Field of Dreams: if you build it, they will come!

It really is Epiphany!
January 6, 2011, 5:53 pm
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To the blare of trumpets, the Holy Father, Pope Benedict XVI processed to the High Altar of St. Peter’s Basilica on Thursday morning, where he celebrated the Mass of the Epiphany, assisted by two Cardinal Deacons, His Eminence Gianfranco Ravasi, who is President of the Pontifical Council for Culture, and His Eminence Walter Brandmuller, President emeritus of the Pontifical Committee for Historical Sciences.

The readings were from the Book of the Prophet, Isaiah, in which the Holy City of Jerusalem is exhorted to rise up in splendour and receive homage from all the kings and princes of the world; then the 71st Psalm which sings with joyful and certain expectation of the day in which all the Nations of the Earth shall adore the One, True God. A passage from the Epistle of Paul to Ephesians was read, which proclaims the universal salvific mission of Christ and the creation of the Gentiles as co-heirs in His kingdom, full members of His body; the Deacon chanted the Gospel, taken from St. Mark, which tells the story of the Magi who were the first Gentiles to worship God in the flesh.

In his homily, Pope Benedict said that the story of the wise men who followed the star reveals that the universe is not the result of chance, as some would have us believe.

“Contemplating it,” he said, “we are invited to read something profound: the wisdom of the Creator, the inexhaustible creativity of God, his infinite love for us.”

The Pope exhorted the faithful not to let our minds be limited by theories that, even if they are true so far as they go, and not in competition with the faith, can nevertheless bring us only so far.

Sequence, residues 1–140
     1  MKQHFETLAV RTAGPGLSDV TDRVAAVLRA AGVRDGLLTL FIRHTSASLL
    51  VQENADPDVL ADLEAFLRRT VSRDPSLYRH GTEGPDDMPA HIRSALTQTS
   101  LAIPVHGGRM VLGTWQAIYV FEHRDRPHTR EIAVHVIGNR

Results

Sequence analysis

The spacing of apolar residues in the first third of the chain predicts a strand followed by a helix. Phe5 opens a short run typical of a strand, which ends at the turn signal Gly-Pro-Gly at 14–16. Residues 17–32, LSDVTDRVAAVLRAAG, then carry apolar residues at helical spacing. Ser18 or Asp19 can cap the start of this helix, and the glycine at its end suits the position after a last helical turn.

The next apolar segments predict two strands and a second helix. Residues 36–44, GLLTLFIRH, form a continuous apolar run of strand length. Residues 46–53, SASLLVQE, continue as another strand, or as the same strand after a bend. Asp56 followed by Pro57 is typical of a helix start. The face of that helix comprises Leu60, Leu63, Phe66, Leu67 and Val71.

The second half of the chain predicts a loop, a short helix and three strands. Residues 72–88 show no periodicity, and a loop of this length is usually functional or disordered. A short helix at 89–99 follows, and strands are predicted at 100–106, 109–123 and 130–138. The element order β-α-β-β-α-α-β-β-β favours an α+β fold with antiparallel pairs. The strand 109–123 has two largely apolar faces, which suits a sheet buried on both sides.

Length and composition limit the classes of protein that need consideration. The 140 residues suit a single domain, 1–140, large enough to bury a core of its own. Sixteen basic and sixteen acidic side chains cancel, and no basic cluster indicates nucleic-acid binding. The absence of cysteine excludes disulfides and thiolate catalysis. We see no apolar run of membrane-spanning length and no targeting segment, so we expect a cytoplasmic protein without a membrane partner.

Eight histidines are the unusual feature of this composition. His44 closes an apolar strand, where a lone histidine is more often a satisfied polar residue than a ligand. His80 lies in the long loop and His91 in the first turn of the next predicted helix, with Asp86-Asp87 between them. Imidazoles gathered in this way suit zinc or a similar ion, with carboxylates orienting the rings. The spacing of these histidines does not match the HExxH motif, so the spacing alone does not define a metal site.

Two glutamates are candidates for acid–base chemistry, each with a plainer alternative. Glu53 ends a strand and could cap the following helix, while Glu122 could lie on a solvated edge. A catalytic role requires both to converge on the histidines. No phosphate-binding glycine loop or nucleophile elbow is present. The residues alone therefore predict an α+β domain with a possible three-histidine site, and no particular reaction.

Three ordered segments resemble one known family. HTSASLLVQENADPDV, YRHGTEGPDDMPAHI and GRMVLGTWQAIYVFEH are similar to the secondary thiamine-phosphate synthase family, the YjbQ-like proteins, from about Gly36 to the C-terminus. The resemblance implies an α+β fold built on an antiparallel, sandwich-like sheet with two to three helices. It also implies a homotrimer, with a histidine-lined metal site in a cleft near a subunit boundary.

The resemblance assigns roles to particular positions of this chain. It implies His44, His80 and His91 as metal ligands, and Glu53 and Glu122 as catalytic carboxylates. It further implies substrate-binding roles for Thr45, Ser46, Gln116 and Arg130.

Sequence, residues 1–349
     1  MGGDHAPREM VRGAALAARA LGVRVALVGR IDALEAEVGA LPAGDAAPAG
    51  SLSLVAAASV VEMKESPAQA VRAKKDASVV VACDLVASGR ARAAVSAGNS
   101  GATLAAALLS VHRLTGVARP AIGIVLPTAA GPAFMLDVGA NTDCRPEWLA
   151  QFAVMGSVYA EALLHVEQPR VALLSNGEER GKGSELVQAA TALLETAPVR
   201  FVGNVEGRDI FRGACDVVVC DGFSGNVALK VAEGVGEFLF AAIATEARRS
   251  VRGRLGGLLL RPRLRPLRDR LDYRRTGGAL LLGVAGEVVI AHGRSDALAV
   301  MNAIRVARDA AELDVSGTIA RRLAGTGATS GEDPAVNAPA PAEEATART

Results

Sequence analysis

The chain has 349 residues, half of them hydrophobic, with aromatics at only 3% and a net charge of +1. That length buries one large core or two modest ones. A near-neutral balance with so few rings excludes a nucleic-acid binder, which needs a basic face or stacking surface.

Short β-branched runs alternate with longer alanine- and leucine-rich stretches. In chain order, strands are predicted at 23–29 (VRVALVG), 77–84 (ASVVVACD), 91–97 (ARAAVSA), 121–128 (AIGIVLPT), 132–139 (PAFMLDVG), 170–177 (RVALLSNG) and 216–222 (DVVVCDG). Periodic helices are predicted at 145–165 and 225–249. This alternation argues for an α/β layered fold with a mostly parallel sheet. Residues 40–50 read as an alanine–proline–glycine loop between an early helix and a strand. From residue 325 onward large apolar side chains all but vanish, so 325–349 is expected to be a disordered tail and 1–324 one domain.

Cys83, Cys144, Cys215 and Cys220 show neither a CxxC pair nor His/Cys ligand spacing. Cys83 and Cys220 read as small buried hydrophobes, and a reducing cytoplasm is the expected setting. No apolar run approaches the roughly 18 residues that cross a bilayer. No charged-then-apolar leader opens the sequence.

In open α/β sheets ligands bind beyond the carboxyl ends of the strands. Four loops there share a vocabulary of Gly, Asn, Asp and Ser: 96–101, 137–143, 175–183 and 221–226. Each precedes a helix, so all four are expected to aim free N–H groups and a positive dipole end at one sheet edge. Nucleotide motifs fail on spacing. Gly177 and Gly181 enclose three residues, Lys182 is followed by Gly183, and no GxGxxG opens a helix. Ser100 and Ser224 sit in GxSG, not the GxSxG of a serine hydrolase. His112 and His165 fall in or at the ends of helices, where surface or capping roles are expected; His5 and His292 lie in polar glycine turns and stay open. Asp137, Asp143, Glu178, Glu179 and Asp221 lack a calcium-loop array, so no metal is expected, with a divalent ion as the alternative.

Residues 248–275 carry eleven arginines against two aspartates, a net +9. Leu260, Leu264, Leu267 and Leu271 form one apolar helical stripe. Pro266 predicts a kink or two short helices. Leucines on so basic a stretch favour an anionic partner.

“In the beauty of the world, in its mystery, its greatness and rationality,” said Pope benedict, “we cannot fail to read the eternal rationality; we can not help but be guided by it to the one God, Creator of heaven and earth.”

The great king, Herod, saw not with the eyes of reason, but with those of worldly power, who was disposed to do anything at all in order to assure his grip on it.

“Herod,” said the Holy Father, “is a character whom we do not like, whom we instinctively judge in a negative way for its brutality. But we should ask ourselves: maybe there is something of Herod in us? Perhaps we, too, on occasion, see God as a kind of rival? Perhaps we too are blind to his signs, deaf to his words, because we think they put limits on our lives and do not allow us to dispose of our existence howsoever we will?

“Dear brothers and sisters,” he continued, “when we see God in this way we end up feeling dissatisfied and unhappy, because do not we let ourselves be guided by Him who is the foundation of all things. We must remove from our minds and our hearts the idea of rivalry, the idea that giving space to God means imposing a limit for ourselves; we must open ourselves to the certainty that God is omnipotent love who takes nothing away – no threat, indeed, He is the only one capable of offering us the opportunity to live fully, to experience real joy.

After Mass, the Holy Father prayed the Angelus with the faithful gathered in St Peter’s Square, during which the Holy Father had greetings for the faithful in many languages, including English:

I greet all the English-speaking visitors gathered for this Angelus prayer. On this, the Solemnity of the Epiphany, the Church rejoices in the revelation of Jesus Christ as the light of all peoples. May the light of Christ’s glory fill you and your families with joy, strengthen Christians everywhere in their witness to the Gospel, and lead all mankind to the fullness of truth and life which God alone can give. Upon all of you, and in a special way upon the children present, I invoke the Lord’s abundant blessings!

Also at the Angelus, Pope Benedict offered special greetings to all the faithful of the Eastern Churches, which celebrate Christmas tomorrow, praying that the Goodness of God, manifest in Christ Jesus – the Word Incarnate – might strengthen all in faith, hope and love, and give comfort to those communities, which are at present facing trials.


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